Schneck Medical Center

SUM 2015

Spirit of Women magazine is a national publication presented to women by hospitals and their physicians. The magazine provides up-to-date, evidence-based healthcare information and promotes our hospitals as leaders in women's health excellence.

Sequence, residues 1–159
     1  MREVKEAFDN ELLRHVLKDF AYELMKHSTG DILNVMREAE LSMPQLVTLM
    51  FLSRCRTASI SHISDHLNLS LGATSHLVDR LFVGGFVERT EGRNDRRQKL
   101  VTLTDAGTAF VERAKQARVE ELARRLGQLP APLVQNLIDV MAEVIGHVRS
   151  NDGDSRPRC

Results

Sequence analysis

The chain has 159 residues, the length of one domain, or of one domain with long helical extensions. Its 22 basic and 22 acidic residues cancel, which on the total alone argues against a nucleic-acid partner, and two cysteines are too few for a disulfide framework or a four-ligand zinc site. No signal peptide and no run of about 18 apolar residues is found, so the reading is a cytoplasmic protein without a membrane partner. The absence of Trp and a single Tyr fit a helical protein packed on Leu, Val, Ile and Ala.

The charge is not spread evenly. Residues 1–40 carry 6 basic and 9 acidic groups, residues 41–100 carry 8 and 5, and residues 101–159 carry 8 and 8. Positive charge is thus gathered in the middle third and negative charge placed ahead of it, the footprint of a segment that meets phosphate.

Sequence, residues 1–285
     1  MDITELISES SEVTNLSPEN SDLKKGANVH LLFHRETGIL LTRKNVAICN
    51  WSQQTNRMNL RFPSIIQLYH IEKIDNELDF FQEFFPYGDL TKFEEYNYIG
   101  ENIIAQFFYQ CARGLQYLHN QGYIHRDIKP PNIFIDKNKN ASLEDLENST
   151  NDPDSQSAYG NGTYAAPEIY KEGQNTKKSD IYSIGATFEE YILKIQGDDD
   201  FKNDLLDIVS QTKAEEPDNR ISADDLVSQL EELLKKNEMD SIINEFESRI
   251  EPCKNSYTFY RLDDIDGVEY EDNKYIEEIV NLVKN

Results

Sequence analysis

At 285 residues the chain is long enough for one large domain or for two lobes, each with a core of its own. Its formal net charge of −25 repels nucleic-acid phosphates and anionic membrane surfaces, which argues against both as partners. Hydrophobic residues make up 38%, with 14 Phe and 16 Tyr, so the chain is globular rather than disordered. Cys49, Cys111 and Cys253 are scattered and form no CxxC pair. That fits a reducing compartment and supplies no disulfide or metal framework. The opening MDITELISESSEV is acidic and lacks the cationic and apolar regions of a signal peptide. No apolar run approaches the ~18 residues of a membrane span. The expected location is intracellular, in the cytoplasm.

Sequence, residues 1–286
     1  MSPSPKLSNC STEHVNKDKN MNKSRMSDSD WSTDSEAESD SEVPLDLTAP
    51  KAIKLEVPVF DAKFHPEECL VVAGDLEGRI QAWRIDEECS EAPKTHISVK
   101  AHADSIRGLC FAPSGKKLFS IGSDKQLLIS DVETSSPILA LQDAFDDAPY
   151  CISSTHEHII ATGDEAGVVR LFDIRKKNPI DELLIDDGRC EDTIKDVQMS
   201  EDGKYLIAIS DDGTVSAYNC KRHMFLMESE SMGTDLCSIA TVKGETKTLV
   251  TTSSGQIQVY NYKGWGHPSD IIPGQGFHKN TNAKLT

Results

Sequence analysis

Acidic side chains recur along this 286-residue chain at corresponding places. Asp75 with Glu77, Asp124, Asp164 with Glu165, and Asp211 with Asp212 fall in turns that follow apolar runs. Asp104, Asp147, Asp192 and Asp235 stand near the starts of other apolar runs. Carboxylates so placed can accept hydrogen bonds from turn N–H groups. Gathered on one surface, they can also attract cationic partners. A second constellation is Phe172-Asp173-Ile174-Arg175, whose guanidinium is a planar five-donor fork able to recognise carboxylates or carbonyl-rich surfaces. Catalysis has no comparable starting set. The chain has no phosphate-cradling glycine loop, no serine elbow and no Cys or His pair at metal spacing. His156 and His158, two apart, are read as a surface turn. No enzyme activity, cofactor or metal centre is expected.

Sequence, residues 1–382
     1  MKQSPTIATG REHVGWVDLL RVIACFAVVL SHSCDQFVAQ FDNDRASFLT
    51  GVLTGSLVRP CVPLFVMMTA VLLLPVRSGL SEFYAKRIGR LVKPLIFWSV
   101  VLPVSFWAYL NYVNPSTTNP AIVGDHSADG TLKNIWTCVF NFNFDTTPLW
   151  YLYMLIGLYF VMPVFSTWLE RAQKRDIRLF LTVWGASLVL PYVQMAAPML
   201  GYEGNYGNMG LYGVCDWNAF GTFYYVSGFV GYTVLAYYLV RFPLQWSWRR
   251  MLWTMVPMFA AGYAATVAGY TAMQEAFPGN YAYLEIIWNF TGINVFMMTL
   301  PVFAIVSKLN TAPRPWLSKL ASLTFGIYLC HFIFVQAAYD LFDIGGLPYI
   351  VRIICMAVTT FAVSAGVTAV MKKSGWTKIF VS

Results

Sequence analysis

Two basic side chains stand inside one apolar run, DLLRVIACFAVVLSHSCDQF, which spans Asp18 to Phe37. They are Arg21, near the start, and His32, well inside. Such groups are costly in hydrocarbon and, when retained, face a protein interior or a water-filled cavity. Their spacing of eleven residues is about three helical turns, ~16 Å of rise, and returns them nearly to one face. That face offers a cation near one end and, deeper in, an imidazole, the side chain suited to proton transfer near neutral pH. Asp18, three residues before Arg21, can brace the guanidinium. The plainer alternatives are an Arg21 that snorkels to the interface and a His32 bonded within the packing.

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1 5 w w w. s p i r i t o f w o m e n . c o m S U M M E R 2 015 S P I R I T O F W O M E N Treatment options are available for chronic idiopathic urticaria (CIU), ranging from antihistamines to immunosuppressive medications, according to the National Institutes of Health. But the condition is frequently underdiagnosed, says Dr. Beth Corn, a board-certifed allergist and a member of the Asthma and Allergy Foundation of America national board of directors. "That's why if someone … has chronic hives that come and go out of nowhere, they should seek out a specialist such as an allergist or dermatologist who is knowledgeable about CIU," says Dr. Corn. "[The website] CIUandYou.com has a questionnaire that allows you to track the frequency of the hives, where the hives appear, how itchy they are, etc.," Dr. Corn adds. "This is a very helpful tool to walk into the specialist's offce with so you can move forward." Treating CIU stationery bike, my trainer, walking with my dogs. I meditate too," she says. Although she admits that sticking to a healthy diet can be difficult when she's out touring on the road, "I try to stay South Beach-y," she laughs. "It works. I eat lots of vegetables and protein." And with her CIU under control, Lawrence is happily hive-free now. She knows she may have another bout one day, but if that happens she'll be prepared for it, she says. "I was lucky enough to find a treatment that worked for me … and the treatment was pretty quick to work," she says. "I want to be open about my condition to show others that they are not alone in their struggle with this form of chronic hives." • PHOTO Y KEVIN SCOTT HEES V icki Lawrence is used to looking at the comic side of life, from her early career on "The Carol Burnett Show" to her current one-woman road show featuring her down-to-earth sense of humor. But it was no laughing matter four years ago when Lawrence suddenly felt an itchy outbreak of hives spread over her body as she was out walking her dogs near her Southern California home. "You just can't stop scratching—you go nuts," she says. "I actually put welts all over my body from scratching. I was miserable. When I got home I stood in a cold shower, I put menthol lotion all over my body. I was actually hoping that I would pass out just to get away from it for a few minutes." Lawrence made a beeline for her longtime allergist but then "went through six weeks of trial and error and I was still itching like mad," she recalls. At that point, her physician diagnosed her with chronic idiopathic urticaria (CIU), a form of chronic hives with no known cause that women are twice as likely as men to experience. SPEAKING OUT ABOUT CIU Lawrence says that while she's grateful she was able to be successfully treated after her CIU was diagnosed, she was dismayed at the lack of CIU resources online. So she was delighted when she was asked to serve as a spokesperson for the new CIU & You educational campaign (www.CIUandYou.com), supported by the Asthma and Allergy Foundation of America (AAFA). "I had googled it [CIU] a number of times, and there just wasn't a lot of information," she says. "If I can put a familiar face out there and make CIU more approachable … people can say, maybe this is me and feel hopeful and get to the bottom of it [chronic hives]." 'MAMA' ON THE ROAD Lawrence has been a familiar face since she joined Carol Burnett's fledgling TV variety series in 1967 when she was just 18. Her role there as "Mama" Thelma Harper led to her own TV series called "Mama's Family" after "The Carol Burnett Show" ended, and today Lawrence tours year-round with "Vicki Lawrence and Mama: A Two-Woman Show." "It's a blast and we go all over the place," she says. Lawrence also makes time to speak to women's organizations about her life and career, women's health, and being a woman in a man's world, she says. To help maintain her energy level for her busy schedule, she keeps up an exercise regimen that includes "my little What are hives? • Red, white or fesh-colored bumps with distinct edges that may change shape; red hives turn pale when pressed in the center • Mildly to severely itchy • Often occur on the chest, back, arms and legs but can show up anywhere on the body; can disappear from one area and then reappear in a different area Source: Asthma and Allergy Foundation of America

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